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The mechanism of sirtuin 2-mediated exacerbation of alpha-synuclein toxicity in models of Parkinson disease.
PLoS Biol. 2017 03; 15(3):e2000374.PB

Abstract

Sirtuin genes have been associated with aging and are known to affect multiple cellular pathways. Sirtuin 2 was previously shown to modulate proteotoxicity associated with age-associated neurodegenerative disorders such as Alzheimer and Parkinson disease (PD). However, the precise molecular mechanisms involved remain unclear. Here, we provide mechanistic insight into the interplay between sirtuin 2 and α-synuclein, the major component of the pathognomonic protein inclusions in PD and other synucleinopathies. We found that α-synuclein is acetylated on lysines 6 and 10 and that these residues are deacetylated by sirtuin 2. Genetic manipulation of sirtuin 2 levels in vitro and in vivo modulates the levels of α-synuclein acetylation, its aggregation, and autophagy. Strikingly, mutants blocking acetylation exacerbate α-synuclein toxicity in vivo, in the substantia nigra of rats. Our study identifies α-synuclein acetylation as a key regulatory mechanism governing α-synuclein aggregation and toxicity, demonstrating the potential therapeutic value of sirtuin 2 inhibition in synucleinopathies.

Authors+Show Affiliations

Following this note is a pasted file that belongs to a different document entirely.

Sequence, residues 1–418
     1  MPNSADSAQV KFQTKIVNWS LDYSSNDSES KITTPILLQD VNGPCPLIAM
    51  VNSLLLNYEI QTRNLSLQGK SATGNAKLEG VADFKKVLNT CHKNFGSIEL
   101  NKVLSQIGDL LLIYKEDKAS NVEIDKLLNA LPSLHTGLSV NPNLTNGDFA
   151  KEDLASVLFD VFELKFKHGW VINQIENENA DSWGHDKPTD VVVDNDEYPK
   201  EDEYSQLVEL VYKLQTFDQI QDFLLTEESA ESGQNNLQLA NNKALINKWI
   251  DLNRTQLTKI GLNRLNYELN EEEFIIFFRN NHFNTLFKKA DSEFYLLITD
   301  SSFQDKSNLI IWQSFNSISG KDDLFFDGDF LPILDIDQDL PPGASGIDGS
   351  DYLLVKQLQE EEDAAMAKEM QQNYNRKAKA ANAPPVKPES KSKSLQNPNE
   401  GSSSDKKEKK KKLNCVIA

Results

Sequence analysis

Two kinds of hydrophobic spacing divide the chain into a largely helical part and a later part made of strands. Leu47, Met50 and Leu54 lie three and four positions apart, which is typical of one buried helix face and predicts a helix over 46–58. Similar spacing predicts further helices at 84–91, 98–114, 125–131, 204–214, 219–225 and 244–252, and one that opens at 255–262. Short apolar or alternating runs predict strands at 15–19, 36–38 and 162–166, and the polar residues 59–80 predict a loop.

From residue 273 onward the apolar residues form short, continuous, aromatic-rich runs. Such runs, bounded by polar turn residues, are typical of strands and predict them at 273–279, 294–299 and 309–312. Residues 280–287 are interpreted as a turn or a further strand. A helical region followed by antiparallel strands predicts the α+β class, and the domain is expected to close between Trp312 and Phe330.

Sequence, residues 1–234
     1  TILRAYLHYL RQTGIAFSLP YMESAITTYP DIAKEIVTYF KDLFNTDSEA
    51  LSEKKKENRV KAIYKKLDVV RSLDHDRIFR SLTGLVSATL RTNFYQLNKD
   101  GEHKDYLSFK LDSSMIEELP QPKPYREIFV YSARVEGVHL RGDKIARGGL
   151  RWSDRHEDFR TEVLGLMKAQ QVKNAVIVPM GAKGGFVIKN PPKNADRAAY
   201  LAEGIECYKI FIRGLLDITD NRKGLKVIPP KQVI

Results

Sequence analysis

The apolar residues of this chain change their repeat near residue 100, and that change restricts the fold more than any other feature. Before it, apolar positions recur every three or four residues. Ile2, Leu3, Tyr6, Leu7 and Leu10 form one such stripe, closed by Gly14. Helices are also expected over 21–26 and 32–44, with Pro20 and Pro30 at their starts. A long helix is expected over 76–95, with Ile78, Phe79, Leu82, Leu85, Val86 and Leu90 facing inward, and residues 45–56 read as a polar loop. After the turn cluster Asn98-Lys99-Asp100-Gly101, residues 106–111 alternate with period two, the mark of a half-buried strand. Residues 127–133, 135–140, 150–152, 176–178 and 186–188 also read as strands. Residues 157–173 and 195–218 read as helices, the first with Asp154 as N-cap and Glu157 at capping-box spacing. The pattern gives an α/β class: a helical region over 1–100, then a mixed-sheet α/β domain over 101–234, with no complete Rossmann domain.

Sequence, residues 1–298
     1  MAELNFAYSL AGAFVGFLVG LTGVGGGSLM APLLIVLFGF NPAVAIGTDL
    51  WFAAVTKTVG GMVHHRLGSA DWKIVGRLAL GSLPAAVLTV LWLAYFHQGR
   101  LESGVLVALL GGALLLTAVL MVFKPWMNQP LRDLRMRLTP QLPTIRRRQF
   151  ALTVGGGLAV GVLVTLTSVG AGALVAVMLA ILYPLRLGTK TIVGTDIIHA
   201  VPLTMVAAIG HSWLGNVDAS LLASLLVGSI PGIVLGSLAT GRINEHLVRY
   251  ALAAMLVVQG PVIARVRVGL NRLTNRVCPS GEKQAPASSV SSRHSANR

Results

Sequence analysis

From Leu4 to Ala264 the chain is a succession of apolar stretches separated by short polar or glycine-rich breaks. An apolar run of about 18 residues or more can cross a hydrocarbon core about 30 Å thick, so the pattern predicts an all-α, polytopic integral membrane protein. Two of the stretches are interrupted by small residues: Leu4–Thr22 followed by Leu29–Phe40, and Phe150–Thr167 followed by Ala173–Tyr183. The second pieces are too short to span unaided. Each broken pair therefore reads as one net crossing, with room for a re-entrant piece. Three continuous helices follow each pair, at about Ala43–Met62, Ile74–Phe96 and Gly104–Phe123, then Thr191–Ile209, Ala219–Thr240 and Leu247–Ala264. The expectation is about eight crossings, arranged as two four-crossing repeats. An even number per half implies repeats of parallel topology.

CEDOC, NOVA Medical School, Faculdade de Ciências Médicas, Universidade NOVA de Lisboa, Lisboa, Portugal.CEDOC, NOVA Medical School, Faculdade de Ciências Médicas, Universidade NOVA de Lisboa, Lisboa, Portugal.Department of Neurodegeneration and Restorative Research, University Medical Center Göttingen, Göttingen, Germany.Department of Neurodegeneration and Restorative Research, University Medical Center Göttingen, Göttingen, Germany. Faculty of Medicine, University of Porto, Porto, Portugal.Department of Neurodegeneration and Restorative Research, University Medical Center Göttingen, Göttingen, Germany.Instituto de Medicina Molecular, Faculdade de Medicina, Universidade de Lisboa, Lisboa, Portugal.Department for NMR-based Structural Biology, Max Planck Institute for Biophysical Chemistry, Göttingen, Germany. German Center for Neurodegenerative Diseases (DZNE), Göttingen, Germany.Department of Neurodegeneration and Restorative Research, University Medical Center Göttingen, Göttingen, Germany.Department of Biochemistry, University of Bayreuth, Bayreuth, Germany.Department of Neurodegeneration and Restorative Research, University Medical Center Göttingen, Göttingen, Germany.Department for NMR-based Structural Biology, Max Planck Institute for Biophysical Chemistry, Göttingen, Germany.Instituto de Medicina Molecular, Faculdade de Medicina, Universidade de Lisboa, Lisboa, Portugal.Instituto de Medicina Molecular, Faculdade de Medicina, Universidade de Lisboa, Lisboa, Portugal.Department of Neurodegeneration and Restorative Research, University Medical Center Göttingen, Göttingen, Germany.Instituto de Medicina Molecular, Faculdade de Medicina, Universidade de Lisboa, Lisboa, Portugal.Laboratory of Molecular and Chemical Biology of Neurodegeneration, Swiss Federal Institute of Technology Lausanne (EPFL), Lausanne, Switzerland.Laboratório de Proteómica, Departamento de Genética Humana, Instituto Nacional de Saúde Dr. Ricardo Jorge, Lisboa, Portugal.Instituto de Medicina Molecular, Faculdade de Medicina, Universidade de Lisboa, Lisboa, Portugal.USDA/ARS Children's Nutrition Research Center, Department of Pediatrics, Baylor College of Medicine, Houston, Texas, United States of America.Department for NMR-based Structural Biology, Max Planck Institute for Biophysical Chemistry, Göttingen, Germany.Department of Neurology, University Medical Center Göttingen, University of Göttingen, Göttingen, Germany.Laboratory of Molecular and Chemical Biology of Neurodegeneration, Swiss Federal Institute of Technology Lausanne (EPFL), Lausanne, Switzerland.Department of Biochemistry, University of Bayreuth, Bayreuth, Germany.Department for NMR-based Structural Biology, Max Planck Institute for Biophysical Chemistry, Göttingen, Germany. German Center for Neurodegenerative Diseases (DZNE), Göttingen, Germany. Department of Neurology, University Medical Center Göttingen, University of Göttingen, Göttingen, Germany.CEDOC, NOVA Medical School, Faculdade de Ciências Médicas, Universidade NOVA de Lisboa, Lisboa, Portugal. Department of Neurodegeneration and Restorative Research, University Medical Center Göttingen, Göttingen, Germany. Max Planck Institute for Experimental Medicine, Göttingen, Germany. Center for Biostructural Imaging of Neurodegeneration, University Medical Center Göttingen, University of Göttingen, Göttingen, Germany.